In 1890, the coal mining town of Centralia, Pennsylvania, was home to more than 2800 people. Just like in any other town, rows of houses lined the streets, townsfolk had barbecues in their backyards, and everyone put up Christmas decorations during December. In 1962, the Centralia mine fire propelled the quiet borough into the spotlight overnight. The routine controlled burn went below ground catching the natural reserves of anthracite coal on fire under the community. It never stopped. Conditions became so dangerous, people left voluntarily or the government coerced them to leave. Fifty years later, the ground still burns, and the town, if you can call it that, is no more than a ghostly condemned zone.
The Early Days of the Mining Town
Centralia was founded in 1866 in Pennsylvania’s Columbia County between routes 61 and 42 by mining engineer Alexander Rea. With an abundance of anthracite coal under the ground worth billions of dollars, the town became prosperous. The mines supported a population of around 1500 people, and the number continued to grow until about the early 20th century.
[blockquote align=”none” author=”Centralia PA”]At that time, the vibrant borough had five hotels, 27 saloons, seven churches, two theaters, one bank, and a post office, as well as 14 general and grocery stores.[/blockquote]
The town’s heyday came in the early 1900s when it reached a population boom of around 2800 residents. In the 1950s, it was still a small, close-knit community of schools, churches, neighborhoods, and hardworking adults who mined coal or worked the stores that supported the town.
The Day the Coal Fire Started
On May 25, 1962, the quaint mining town changed forever. The town council wanted to get ready for their big Memorial Day celebration. However, the illegal garbage dump left an unsightly mess that would interfere with their plans. So, they discussed their options and decided to burn it.
The local firefighters lit the blaze and burned out the trash. Then at the end of the day, they put out all the visible flames that they could see above the surface. What nobody knew right away, however, was that an old mining seam with flammable coal and coal dust beneath the town had caught on fire.
Flames continued to crop up around the initial burning site over the next few days. Several efforts were made to put out the fire, but it continued to spread below ground. The network of old mining tunnels stoked the fires with a steady supply of oxygen, and the rich anthracite coal deposits offered it plenty of burnable fuel. For weeks, random fires would spring up as the coals burned. Even without visible fire, the stench of burning coal and smoke permeated the town.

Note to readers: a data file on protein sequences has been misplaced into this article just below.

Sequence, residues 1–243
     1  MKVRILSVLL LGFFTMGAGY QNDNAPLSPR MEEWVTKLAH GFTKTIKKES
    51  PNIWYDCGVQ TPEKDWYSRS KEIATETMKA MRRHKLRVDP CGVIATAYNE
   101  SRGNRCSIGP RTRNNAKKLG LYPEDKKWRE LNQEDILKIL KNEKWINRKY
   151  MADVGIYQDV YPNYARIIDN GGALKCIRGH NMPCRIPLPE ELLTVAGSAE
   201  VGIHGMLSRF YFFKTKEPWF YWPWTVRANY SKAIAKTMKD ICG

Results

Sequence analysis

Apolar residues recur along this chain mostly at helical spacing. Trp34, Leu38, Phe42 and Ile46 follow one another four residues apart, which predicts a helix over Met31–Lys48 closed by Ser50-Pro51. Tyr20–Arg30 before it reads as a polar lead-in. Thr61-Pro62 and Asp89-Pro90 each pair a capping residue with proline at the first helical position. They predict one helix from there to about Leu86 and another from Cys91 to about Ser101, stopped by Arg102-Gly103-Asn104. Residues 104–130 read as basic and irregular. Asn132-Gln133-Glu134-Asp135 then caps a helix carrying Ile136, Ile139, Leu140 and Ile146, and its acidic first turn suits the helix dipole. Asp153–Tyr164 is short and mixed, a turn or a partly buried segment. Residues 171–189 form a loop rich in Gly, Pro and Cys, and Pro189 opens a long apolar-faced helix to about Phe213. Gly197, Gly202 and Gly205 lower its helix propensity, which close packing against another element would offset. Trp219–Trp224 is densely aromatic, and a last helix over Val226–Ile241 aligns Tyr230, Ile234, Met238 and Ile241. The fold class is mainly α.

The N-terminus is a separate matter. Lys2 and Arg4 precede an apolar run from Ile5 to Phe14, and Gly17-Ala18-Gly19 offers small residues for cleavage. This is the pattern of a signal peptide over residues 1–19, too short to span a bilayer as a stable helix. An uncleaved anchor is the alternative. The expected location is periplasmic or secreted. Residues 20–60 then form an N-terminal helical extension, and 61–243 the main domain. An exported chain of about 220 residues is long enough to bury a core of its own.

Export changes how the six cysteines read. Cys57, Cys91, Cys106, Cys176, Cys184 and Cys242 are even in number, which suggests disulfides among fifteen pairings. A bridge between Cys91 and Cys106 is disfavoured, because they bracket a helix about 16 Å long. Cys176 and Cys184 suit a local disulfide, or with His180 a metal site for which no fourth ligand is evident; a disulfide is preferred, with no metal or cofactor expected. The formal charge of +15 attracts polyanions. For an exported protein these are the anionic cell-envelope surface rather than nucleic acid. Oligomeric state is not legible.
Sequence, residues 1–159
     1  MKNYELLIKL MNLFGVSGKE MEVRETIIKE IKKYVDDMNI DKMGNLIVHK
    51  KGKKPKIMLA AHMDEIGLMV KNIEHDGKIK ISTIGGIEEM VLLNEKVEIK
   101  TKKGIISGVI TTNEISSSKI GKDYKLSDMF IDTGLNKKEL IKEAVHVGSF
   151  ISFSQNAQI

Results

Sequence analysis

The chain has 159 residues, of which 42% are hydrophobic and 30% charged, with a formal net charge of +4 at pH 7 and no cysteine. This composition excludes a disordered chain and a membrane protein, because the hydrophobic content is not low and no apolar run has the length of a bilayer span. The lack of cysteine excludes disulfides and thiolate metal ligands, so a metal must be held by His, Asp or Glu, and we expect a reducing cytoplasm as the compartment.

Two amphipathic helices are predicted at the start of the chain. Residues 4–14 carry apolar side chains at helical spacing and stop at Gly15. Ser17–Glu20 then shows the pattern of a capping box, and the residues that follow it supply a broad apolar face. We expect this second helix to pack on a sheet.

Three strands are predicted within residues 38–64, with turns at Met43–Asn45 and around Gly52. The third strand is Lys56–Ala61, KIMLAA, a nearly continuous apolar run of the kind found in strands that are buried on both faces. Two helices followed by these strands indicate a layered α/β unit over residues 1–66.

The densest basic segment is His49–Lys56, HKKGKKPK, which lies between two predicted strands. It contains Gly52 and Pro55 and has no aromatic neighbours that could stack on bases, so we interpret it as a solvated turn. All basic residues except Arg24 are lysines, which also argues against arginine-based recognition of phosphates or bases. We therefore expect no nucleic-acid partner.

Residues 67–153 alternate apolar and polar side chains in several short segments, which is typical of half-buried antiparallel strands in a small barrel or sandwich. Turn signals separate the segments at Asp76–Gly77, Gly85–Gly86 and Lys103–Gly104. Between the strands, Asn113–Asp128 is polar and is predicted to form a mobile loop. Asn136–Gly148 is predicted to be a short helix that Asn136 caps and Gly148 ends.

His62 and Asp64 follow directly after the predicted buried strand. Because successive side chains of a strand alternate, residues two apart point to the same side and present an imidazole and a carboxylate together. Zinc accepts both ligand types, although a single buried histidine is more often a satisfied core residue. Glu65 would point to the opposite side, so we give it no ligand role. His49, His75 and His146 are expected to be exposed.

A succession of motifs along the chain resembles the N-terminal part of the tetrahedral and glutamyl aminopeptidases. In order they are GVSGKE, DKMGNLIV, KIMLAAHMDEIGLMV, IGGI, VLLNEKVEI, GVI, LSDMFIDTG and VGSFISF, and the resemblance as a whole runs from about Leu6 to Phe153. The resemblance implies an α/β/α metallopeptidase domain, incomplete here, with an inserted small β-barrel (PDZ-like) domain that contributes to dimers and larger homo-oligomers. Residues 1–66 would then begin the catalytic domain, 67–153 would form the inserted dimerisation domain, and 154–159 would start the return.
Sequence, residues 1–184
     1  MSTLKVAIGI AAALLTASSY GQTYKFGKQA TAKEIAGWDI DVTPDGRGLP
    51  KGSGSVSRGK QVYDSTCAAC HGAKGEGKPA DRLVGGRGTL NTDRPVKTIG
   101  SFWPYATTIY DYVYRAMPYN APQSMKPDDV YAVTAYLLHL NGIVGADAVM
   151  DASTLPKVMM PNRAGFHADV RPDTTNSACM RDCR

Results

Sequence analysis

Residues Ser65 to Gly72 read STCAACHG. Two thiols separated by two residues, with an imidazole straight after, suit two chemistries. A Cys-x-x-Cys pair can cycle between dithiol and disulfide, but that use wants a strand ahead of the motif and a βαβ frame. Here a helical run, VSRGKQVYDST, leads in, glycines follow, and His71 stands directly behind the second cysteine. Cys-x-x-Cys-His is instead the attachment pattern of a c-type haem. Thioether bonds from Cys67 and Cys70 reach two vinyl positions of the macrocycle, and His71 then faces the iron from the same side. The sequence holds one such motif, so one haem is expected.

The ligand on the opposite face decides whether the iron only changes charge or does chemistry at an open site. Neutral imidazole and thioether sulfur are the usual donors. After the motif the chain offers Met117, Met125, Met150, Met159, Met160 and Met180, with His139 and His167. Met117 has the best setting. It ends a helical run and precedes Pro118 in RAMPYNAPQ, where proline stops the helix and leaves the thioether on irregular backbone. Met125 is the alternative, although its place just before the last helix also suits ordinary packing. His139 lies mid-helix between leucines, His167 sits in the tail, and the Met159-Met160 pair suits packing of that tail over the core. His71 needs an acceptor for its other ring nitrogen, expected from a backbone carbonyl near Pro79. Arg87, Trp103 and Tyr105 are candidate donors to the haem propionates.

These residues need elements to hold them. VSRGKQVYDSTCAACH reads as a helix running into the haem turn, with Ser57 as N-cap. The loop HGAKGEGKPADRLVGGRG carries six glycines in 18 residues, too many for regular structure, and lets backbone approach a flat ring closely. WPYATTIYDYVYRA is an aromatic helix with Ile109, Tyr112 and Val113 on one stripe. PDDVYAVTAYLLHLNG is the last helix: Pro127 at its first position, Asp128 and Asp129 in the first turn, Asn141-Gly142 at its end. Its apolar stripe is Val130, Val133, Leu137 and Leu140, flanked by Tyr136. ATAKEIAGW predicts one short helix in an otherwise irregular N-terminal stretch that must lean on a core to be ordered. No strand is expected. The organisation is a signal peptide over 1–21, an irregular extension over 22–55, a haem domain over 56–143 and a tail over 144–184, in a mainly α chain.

Dangers for Townsfolk
For years, the authorities tried to put a stop to the fires, but their attempts were futile. They tried pumping water into the shafts. This only left the town at risk of dangerous steam explosions. Additionally, they dumped in clay and slurry. Those failed too. For almost twenty years, the people of Centralia coexisted with the fire. However, this less than cozy arrangement was unsustainable as conditions became ever more threatening. In 1969, three families had to leave their homes due to the presence of toxic fumes.
In November 1979, John Coddington, who owned a gas station, noticed steam rising from the lot next to his station. He had four underground gas tanks holding a total of 9000 gallons of gasoline. Thus, John became concerned. Then in early December, he saw steam coming from his basement floor which was warm to the touch and measured 136 degrees Fahrenheit. Officials began monitoring the temperature of the gas. The heat was steadily rising. As a result, the Pennsylvania Police fire marshall ordered the shut down of the station. Coddington had to pump all the gas tanks and fill them with water to prevent an explosion. In 1981, Coddington’s Gas and Service Station was demolished.
The Final Straw
Also in 1981, on Valentine’s Day, a steaming 150-foot fissure that once served as a mine shaft opened up under a 12-year old boy, Todd Domboski. He fell in about 6 feet but grabbed onto a tree root. His cousin, Eric Wolfgang heard Todd’s screams and ran over to pull him out. Later, officials measured the temperature inside the hole at 350 degrees. Todd was uninjured, but it was a wake-up call for the people in the town.
A few weeks later, an elderly man was rushed to the hospital for carbon monoxide poisoning after he passed out – a direct result of the underground fire. Officials indicated that had it been only minutes later, the man probably would not have survived.
The Centralia coal fire brought not only smoke, odors, and dangerous sinkholes, but also many harmful and carcinogenic chemicals into the air. Specifically, “Direct hazards to humans and the environment posed by coal fires include emissions of pollutants, such as CO, CO2, nitrogen oxides, particulate matter, sulfur dioxide, toxic organic compounds, and potentially toxic trace elements, such as arsenic, Hg, and selenium” (USGS).